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All eyes will be firmly fixed on Group A come Friday 8 June, as Poland begin their UEFA EURO 2012 campaign on home soil against Greece. Jakub Błaszczykowski told UEFA.com that he is targeting a perfect start in Warsaw, knowing from experience that it could be crucial to Poland's chances of progression.
"The first match is the most important, – it will practically be a small final for us," said the 26-year-old midfielder. "We have played in championships a couple of times and lost the first game. It means you don't have your destiny completely in your own hands any more. We have to remember that, and make sure it doesn't happen."
Standing in Poland's way are a side that have form in this competition – particularly when it comes to upsetting the home team, with Greece twice defeating hosts Portugal en route to their shock UEFA EURO 2004 triumph. Fanis Gekas knows opening-day opponents Poland provide a stiff test, but is confident experience will help his side to see off the threat.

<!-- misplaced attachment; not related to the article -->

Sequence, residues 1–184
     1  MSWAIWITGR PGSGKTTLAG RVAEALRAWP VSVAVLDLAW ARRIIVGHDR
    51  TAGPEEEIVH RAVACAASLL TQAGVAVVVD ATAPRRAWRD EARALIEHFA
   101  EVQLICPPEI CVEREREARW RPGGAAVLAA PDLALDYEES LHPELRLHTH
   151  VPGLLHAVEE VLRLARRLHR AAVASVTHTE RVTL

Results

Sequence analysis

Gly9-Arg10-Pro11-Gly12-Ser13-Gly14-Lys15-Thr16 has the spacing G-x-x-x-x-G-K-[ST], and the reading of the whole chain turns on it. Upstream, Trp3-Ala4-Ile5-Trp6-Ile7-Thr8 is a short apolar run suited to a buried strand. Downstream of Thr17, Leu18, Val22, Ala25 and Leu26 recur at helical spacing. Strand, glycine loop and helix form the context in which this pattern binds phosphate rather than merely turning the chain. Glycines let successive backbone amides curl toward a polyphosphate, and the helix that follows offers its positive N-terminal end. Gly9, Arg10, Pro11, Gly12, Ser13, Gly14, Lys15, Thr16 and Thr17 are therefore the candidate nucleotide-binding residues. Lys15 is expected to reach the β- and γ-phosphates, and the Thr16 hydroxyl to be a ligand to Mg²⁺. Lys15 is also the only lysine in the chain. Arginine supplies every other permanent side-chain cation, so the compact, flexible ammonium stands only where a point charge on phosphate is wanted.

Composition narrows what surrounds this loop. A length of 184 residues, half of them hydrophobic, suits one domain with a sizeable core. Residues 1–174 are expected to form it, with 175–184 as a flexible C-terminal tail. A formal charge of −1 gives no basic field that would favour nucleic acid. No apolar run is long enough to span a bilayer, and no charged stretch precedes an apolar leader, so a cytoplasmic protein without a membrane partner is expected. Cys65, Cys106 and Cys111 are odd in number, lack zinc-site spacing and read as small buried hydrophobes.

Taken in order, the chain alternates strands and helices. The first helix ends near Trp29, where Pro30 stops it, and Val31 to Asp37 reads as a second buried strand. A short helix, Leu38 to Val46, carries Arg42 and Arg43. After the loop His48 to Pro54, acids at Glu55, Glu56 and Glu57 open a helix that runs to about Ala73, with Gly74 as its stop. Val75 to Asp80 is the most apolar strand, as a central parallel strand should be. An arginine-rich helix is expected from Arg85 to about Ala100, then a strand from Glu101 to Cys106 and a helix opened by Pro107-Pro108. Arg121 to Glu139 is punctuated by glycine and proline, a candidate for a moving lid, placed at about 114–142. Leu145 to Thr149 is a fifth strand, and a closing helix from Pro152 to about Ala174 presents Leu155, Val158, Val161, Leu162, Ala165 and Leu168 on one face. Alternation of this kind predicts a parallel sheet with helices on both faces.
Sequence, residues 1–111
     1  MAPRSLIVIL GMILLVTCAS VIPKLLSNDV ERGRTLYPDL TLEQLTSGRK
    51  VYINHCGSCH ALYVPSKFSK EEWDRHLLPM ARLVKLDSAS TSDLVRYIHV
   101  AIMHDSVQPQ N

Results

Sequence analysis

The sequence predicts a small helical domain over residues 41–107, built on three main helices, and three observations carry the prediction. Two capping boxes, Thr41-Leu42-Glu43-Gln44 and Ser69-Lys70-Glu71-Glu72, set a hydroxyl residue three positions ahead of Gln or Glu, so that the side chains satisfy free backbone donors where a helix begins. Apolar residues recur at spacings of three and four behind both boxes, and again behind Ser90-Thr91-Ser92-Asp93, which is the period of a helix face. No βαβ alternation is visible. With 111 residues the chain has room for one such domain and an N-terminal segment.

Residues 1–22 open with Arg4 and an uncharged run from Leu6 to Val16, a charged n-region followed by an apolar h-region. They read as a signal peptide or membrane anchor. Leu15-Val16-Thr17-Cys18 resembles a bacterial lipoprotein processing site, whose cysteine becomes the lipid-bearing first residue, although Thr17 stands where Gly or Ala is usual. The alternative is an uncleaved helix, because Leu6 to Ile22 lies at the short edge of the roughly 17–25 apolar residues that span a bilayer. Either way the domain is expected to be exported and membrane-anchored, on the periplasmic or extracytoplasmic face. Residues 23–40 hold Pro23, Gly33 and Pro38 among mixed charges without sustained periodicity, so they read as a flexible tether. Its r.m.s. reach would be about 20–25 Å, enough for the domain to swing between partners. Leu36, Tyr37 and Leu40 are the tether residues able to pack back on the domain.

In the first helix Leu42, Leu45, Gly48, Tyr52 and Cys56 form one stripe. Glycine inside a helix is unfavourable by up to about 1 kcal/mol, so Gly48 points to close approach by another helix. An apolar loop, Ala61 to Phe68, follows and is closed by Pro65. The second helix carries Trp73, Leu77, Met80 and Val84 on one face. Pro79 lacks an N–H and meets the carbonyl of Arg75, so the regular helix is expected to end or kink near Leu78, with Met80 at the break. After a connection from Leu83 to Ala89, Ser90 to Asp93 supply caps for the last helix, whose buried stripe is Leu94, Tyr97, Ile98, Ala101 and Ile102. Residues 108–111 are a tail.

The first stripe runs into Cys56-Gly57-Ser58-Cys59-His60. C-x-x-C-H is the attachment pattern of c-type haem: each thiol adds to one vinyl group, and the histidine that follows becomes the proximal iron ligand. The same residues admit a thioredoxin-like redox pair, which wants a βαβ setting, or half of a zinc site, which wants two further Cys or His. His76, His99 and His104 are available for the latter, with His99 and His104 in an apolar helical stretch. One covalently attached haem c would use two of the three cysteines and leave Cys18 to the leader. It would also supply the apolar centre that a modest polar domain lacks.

"Of course the first match for them, as a host country, is very important," said the 32-year-old striker. "We regularly take part in important tournaments, so I believe the most important thing for us will be readiness. If we show the necessary respect and do our best, I think we can do anything."
The Czech Republic face 2008 semi-finalists Russia in Wroclaw in Group A's other opening contest, but Igor Semshov feels Dick Advocaat's side are a team in transition, and would not be drawn on predictions. "[Russia are] the same as Greece," he said. "They are also going through a change of generations. Each team has its leaders. Nobody knows what to expect, because everything will depend on how well they prepare for the EUROs, and what shape their best players are in."
After his scintillating final performances helped Chelsea FC win the FA Cup and UEFA Champions League, one of those leaders, goalkeeper Petr Čech, is in the best possible shape and is excited by the competitive look of the section. "It's a very special group, all of the teams are very even," said Čech. "I don't think that one team will win every match. I think there will be draws, and every goal and point will count, so it will be very interesting from the start."
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